Local shopowner helps naturally cure what ails you as allergy season rears its head
By Laura Shanahan
Feeling a little sneezy, wheezy and teary eyed? Welcome to the wacky, wonderful world of allergy season, beginning a little early and a little sturdy this year. (Yeah, that’s what they say every year, but, well, it’s true every year.)
“People are mentioning they’re beginning to experience symptoms,” David Endo nods sympathetically – and Endo should know. He’s the real-life star of a real-life David and Goliath story – and born to the role, since he already had the name; in fact, let’s call him David henceforth – it’s impossible to know this sweet, infinitely patient man and call him only by his last name.
David, as those of you who patronized the now-defunct Health Nuts store on Broadway near 76th Street may know, was the brainy employee whose knowledge of bodily ills and cures was encyclopedic. In the rare instances he didn’t have a ready answer for the many customer queries he fielded, he could be found with his nose buried in a weighty tome. Often there was a line of people waiting to speak with him.
Finally, in 2008, David went out on his own, opening The Vitamin Peddler, a modest little shop with a well-edited selection of vitamins, natural supplements, homeopathic remedies and more, at 364 Amsterdam Avenue, off 77th Street. Fans of his at his former place of employment, plus a never-ending stream of newbies, fill the place, seeking relief from what ails them.
So, David, what’s with all the citywide sneezing, wheezing and tears? The many elm trees now blooming is one explanation, he says: “They’re beautiful, but high in pollen.” He likes the non-drowsy bioAllers Allergy Treatment named Tree Pollen, which sounds counter-intuitive, but homeopathic remedies are based on “a hair of the dog.”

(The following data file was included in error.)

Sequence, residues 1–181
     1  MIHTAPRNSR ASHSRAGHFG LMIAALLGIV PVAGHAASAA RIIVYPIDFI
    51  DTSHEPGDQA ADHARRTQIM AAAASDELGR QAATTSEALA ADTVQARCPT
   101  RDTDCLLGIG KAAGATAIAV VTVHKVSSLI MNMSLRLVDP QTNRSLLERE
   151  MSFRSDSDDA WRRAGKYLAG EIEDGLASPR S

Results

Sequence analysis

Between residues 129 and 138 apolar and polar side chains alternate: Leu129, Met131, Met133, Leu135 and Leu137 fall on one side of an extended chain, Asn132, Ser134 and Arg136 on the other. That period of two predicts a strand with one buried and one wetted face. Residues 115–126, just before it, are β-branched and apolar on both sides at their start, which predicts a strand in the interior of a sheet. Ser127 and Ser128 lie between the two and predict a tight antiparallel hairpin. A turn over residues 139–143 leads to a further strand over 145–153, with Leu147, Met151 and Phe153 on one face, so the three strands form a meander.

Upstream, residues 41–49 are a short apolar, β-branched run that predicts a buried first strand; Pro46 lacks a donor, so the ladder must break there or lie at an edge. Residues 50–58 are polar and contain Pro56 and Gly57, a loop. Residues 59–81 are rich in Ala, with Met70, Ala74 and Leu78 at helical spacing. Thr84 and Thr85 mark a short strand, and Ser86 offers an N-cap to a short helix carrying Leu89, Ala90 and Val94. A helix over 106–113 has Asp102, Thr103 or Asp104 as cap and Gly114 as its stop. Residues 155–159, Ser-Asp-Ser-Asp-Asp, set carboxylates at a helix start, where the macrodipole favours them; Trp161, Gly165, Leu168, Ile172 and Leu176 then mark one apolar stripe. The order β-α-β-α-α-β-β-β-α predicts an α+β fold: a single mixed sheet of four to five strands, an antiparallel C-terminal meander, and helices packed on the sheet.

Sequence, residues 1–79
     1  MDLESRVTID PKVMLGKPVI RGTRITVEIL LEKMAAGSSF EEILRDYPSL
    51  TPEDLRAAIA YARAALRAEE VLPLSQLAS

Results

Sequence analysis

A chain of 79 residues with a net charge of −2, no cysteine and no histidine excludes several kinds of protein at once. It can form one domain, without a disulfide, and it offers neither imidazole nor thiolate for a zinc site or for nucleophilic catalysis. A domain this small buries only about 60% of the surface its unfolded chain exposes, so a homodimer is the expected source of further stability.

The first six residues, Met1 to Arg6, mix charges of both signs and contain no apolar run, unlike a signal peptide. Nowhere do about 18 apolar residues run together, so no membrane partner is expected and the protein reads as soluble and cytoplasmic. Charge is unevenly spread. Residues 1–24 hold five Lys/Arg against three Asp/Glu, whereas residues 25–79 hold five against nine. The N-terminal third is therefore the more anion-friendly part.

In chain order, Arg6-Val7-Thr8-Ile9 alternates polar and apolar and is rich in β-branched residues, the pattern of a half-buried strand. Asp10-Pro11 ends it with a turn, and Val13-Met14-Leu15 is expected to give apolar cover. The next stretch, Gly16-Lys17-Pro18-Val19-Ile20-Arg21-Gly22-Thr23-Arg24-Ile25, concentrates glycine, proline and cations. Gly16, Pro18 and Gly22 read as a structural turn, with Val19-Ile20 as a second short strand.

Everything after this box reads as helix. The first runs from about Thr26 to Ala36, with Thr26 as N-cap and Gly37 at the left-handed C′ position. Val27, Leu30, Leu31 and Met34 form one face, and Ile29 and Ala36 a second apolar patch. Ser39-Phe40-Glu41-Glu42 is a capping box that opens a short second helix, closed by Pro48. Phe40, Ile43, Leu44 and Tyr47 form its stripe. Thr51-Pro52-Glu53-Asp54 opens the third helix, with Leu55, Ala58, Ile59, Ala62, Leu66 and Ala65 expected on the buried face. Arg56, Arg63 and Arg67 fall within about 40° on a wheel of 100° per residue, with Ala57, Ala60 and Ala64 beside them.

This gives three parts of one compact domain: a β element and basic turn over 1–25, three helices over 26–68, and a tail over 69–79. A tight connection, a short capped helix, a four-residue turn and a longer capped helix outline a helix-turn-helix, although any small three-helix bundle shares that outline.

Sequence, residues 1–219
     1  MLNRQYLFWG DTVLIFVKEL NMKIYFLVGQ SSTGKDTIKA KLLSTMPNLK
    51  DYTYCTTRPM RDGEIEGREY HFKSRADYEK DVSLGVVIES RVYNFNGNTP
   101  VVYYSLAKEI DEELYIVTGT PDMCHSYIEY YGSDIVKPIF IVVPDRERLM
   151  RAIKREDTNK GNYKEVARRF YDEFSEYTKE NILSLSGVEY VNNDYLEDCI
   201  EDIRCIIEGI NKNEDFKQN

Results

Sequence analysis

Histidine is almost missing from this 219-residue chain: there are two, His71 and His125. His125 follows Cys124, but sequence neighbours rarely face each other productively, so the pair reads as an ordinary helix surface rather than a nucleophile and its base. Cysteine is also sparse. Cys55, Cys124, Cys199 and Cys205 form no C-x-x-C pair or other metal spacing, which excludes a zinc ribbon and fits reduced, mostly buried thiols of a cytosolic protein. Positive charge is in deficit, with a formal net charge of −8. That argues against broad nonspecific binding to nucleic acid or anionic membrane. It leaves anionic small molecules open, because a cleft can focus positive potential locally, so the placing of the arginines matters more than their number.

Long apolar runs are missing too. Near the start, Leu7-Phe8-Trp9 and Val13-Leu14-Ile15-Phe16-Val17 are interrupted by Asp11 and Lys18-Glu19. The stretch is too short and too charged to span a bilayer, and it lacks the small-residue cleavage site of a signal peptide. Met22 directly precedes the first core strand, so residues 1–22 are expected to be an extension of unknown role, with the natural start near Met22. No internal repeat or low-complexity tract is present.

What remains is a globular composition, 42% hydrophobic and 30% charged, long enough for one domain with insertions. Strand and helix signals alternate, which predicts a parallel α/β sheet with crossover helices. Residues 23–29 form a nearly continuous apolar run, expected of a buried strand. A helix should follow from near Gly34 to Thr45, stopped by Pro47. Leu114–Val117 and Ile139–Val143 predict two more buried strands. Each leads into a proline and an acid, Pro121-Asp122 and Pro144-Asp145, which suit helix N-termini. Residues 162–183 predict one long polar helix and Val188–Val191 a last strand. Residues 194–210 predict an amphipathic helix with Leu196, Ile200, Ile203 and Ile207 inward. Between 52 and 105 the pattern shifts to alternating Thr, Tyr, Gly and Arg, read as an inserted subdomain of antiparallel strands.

“It works very quickly,” David assures of the liquid, which is applied by the drop to the tongue. A one-ounce bottle, which supplies about 60 doses – more than you should need – costs $9.50.
Another star in the Peddler’s arsenal of allergy-fighting remedies is Bluebonnet’s Super Quercetin, which contains the flavonoid quercetin, a general antihistamine, with other natural ingredients to boost its efficacy. And, because quercetin is also an anti-inflammatory, David says it’s additionally used in such conditions as inflammatory bowel disease; 50 Vcaps are $18.35. (What are Vcaps? That’s what I wanted to know: vegetarian or vegan capsules. Are we getting an education or what?)
A third natural allergy-fighting option is Eclectic Institute’s fresh, raw, freeze-dried Stinging Nettle dietary supplements; 90 gluten-free vegan capsules are $15.25.
Popular and sometimes hard to find health-oriented products by such names as Jarrow, Quantum, Nordic Naturals, Jason, Weleda and Bach are also stocked, as well as such surprises in such a limited space as big, beautiful bars of soap plus raw honey. The former, by South of France Natural Body Care, are half-pound blocks, free of sulfates, parabens and animal by-products (and no animal testing), in such gorgeous scents as Pure Gardenia, Sweet Almond and Relaxing Lavender; $4.49.
Don’t forget your free copy of Energy Times and Life Extension mags on your way out – and definitely don’t forget to check the seemingly endless posters and business cards that fill a wall. Here locals advertise everything from Hebrew tutoring to tai chi and from carpentry to cat-sitting.
(Pssst: Looking for a cat-sitter? Call me!)
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